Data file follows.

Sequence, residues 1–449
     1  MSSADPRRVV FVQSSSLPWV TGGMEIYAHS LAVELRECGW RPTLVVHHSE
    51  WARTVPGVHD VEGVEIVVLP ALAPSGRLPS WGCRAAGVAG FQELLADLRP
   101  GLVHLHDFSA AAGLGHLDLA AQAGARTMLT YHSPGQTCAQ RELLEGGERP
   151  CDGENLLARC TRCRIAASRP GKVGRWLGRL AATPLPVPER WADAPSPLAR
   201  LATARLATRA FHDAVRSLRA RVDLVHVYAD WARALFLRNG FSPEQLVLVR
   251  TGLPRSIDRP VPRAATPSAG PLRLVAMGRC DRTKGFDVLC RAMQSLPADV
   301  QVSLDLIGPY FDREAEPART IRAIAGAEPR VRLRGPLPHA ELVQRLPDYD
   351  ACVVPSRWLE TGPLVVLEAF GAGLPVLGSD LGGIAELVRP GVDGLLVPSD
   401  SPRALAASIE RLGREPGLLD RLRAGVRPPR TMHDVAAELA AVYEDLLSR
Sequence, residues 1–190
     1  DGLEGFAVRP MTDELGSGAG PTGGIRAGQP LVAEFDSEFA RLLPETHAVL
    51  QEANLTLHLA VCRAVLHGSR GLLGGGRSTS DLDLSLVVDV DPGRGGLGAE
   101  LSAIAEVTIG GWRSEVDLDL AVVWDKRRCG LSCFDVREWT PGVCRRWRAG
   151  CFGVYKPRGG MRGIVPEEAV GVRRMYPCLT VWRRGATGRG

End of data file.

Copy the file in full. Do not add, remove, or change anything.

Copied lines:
Sequence, residues 1–449
     1  MSSADPRRVV FVQSSSLPWV TGGMEIYAHS LAVELRECGW RPTLVVHHSE
    51  WARTVPGVHD VEGVEIVVLP ALAPSGRLPS WGCRAAGVAG FQELLADLRP
   101  GLVHLHDFSA AAGLGHLDLA AQAGARTMLT YHSPGQTCAQ RELLEGGERP
   151  CDGENLLARC TRCRIAASRP GKVGRWLGRL AATPLPVPER WADAPSPLAR
   201  LATARLATRA FHDAVRSLRA RVDLVHVYAD WARALFLRNG FSPEQLVLVR
   251  TGLPRSIDRP VPRAATPSAG PLRLVAMGRC DRTKGFDVLC RAMQSLPADV
   301  QVSLDLIGPY FDREAEPART IRAIAGAEPR VRLRGPLPHA ELVQRLPDYD
   351  ACVVPSRWLE TGPLVVLEAF GAGLPVLGSD LGGIAELVRP GVDGLLVPSD
   401  SPRALAASIE RLGREPGLLD RLRAGVRPPR TMHDVAAELA AVYEDLLSR
Sequence, residues 1–190
     1  DGLEGFAVRP MTDELGSGAG PTGGIRAGQP LVAEFDSEFA RLLPETHAVL
    51  QEANLTLHLA VCRAVLHGSR GLLGGGRSTS DLDLSLVVDV DPGRGGLGAE
   101  LSAIAEVTIG GWRSEVDLDL AVVWDKRRCG LSCFDVREWT PGVCRRWRAG
   151  CFGVYKPRGG MRGIVPEEAV GVRRMYPCLT VWRRGATGRG